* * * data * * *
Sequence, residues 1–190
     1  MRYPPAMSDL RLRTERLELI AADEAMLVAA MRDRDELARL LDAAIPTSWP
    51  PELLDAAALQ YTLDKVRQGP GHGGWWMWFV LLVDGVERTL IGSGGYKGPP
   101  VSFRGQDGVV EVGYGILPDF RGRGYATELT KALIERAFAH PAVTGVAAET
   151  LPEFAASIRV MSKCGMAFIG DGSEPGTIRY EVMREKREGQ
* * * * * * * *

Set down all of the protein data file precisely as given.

Sequence, residues 1–190
     1  MRYPPAMSDL RLRTERLELI AADEAMLVAA MRDRDELARL LDAAIPTSWP
    51  PELLDAAALQ YTLDKVRQGP GHGGWWMWFV LLVDGVERTL IGSGGYKGPP
   101  VSFRGQDGVV EVGYGILPDF RGRGYATELT KALIERAFAH PAVTGVAAET
   151  LPEFAASIRV MSKCGMAFIG DGSEPGTIRY EVMREKREGQ